Archive for Washington

The Book Booth: Valentine's Edition

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The Book Booth is a weekly feature at The Political Carnival, relating news, notes, and reflections from the world of books and publishing. SeattleDan, along with his wife, SeattleTammy, are operators of both an on-line bookstore, as well a brick and mortar in small town Washington State. Both have been in the book business since shortly after the Creation, or close to 6000 years now.

Booksw384h339

As I learned earlier this week, Valentine was sainted in AD 496 by
Pope Gelasius 1. Virtually nothing is known of him, other than he was
martyred on February 14 in 314. But somehow, that seems appropriate,
for who does know the mysteries of love?

Literature is replete with the stuff of love. Flavorwire had its top
25 great love affairs
. Be sure to check out number 8, which has the
Alan Ladd movie tie-in cover art for The Great Gatsby. If that doesn't
make you want to read it, I don't know what will.

Of course, nothing says I Love You like having it eternally etched
into your skin. BuzzFeed featured some "epic" literary tattoos here.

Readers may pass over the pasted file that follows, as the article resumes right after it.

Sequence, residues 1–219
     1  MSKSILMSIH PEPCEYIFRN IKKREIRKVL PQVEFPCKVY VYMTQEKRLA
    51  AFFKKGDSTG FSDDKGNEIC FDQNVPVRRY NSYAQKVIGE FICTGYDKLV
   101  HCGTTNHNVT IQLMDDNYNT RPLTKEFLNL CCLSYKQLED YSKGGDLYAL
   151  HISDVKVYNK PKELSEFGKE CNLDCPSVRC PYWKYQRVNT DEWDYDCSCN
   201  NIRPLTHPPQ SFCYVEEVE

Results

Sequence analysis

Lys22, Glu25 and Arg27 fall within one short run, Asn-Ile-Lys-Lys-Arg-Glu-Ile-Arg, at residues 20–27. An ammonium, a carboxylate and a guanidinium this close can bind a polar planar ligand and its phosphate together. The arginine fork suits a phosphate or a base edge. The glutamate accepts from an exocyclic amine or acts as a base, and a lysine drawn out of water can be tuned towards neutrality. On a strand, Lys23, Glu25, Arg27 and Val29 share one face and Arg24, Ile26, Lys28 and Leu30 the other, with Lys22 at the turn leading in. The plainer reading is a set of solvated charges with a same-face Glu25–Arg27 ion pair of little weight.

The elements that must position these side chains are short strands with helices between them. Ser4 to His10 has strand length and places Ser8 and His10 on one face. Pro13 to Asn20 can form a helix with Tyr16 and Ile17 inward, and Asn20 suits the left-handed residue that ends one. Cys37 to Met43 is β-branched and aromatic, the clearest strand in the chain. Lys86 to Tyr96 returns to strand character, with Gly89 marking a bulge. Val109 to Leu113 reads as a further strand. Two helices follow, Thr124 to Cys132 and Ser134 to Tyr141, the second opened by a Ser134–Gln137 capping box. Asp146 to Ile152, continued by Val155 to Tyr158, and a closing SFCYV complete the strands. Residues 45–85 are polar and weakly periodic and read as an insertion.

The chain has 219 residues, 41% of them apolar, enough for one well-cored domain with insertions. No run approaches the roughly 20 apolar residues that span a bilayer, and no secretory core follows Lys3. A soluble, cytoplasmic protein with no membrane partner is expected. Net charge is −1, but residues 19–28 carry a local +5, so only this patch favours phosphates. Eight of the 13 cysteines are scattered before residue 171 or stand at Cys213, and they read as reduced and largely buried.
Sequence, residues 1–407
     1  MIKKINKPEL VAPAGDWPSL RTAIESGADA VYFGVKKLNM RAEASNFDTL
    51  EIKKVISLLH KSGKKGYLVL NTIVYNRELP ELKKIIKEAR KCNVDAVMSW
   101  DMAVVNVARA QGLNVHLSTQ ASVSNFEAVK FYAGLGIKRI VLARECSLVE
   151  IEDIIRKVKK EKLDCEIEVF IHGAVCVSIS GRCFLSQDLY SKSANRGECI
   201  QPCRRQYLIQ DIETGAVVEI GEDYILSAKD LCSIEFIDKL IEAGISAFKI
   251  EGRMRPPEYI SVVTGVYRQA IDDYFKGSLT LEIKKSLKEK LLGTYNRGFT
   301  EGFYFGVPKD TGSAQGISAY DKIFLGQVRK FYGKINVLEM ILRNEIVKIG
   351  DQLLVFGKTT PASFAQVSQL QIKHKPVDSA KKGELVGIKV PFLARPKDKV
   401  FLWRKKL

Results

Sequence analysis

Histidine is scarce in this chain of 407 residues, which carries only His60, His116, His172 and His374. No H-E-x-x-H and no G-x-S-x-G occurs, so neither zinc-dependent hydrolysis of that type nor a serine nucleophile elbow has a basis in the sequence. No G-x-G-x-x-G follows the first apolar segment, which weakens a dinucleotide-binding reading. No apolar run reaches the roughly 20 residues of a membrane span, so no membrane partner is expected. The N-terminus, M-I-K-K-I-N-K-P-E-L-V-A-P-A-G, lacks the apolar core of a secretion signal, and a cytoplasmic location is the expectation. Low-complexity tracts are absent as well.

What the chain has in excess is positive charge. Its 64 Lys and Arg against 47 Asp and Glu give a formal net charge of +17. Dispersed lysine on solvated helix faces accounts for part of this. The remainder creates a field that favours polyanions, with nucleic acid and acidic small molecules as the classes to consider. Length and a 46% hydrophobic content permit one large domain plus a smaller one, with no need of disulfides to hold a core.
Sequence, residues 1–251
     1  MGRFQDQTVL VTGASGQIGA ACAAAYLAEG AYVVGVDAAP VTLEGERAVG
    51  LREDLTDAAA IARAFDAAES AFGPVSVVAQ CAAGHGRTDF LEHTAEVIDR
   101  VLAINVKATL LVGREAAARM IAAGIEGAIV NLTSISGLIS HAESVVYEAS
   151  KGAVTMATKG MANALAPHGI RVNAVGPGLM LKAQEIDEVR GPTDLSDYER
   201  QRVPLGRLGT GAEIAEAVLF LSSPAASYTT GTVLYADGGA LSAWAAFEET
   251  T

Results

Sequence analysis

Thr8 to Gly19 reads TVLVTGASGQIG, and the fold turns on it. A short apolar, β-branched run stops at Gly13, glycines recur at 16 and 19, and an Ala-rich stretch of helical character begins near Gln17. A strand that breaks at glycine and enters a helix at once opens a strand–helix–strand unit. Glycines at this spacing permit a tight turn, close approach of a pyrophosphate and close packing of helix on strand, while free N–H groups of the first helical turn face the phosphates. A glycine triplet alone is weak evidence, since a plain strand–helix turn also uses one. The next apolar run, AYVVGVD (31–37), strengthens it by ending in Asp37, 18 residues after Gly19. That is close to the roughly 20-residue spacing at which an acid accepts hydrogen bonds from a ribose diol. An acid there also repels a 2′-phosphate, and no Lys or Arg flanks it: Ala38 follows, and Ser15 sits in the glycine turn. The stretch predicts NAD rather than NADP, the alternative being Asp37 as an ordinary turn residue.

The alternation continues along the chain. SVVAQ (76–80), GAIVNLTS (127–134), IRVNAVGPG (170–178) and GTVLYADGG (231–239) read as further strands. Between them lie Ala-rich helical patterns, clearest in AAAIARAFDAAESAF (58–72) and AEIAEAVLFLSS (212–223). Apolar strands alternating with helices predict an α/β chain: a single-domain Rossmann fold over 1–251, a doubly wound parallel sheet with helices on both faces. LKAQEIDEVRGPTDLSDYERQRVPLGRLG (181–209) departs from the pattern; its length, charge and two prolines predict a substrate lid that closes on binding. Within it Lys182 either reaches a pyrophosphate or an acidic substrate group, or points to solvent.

And book lovers suffer more than the world can understand. HuffPo

featured eleven "conundrums" that only we are aware of.

http://www.huffingtonpost.com/2014/01/10/book-lover_n_4562002.html?ir=Books

Not all love affairs endure. In fact, some writers are bold enough to
avenge themselves through their writings. MentalFloss shared some of
these misguided relationships here.

For whatever reason, love has often been linked to war. I suppose it
shouldn't be remarkable, if we remember the Greek god of war Ares was
the brother of the goddess of love, Aphrodite. In any event,
Publishers Weekly recently discussed ten of the best contemporary war
novels here.

If you are between books and wondering what to read, you might want to
check out Kim Stanley Robinson's discussion of three science fiction
novels with modernist overtones
.

Or if you are feeling more ambitious, one the librarians from the New
York Public Library offered up 25 books that changed the world. A
list, by the way, not everyone loved; check out the comments below the article.

A new offering in historical fiction comes from the author of
Fatherland, Robert Harris, who has just had published his take on the
affair Dreyfus, An Officer and a Spy. The Wall Street Journal examined
it here.

There has been something of a dust up this week when Penguin Books
India has decided to pulp religious historian Wendy Doniger's The
Hindus: An Alternate History. Doniger has long been a professor at the
University of Chicago and is well respected in the field. Of course,
she's none too happy. Story here.

Penguin Books India defended their decision here.

Finally, I wanted to share this very insightful essay from George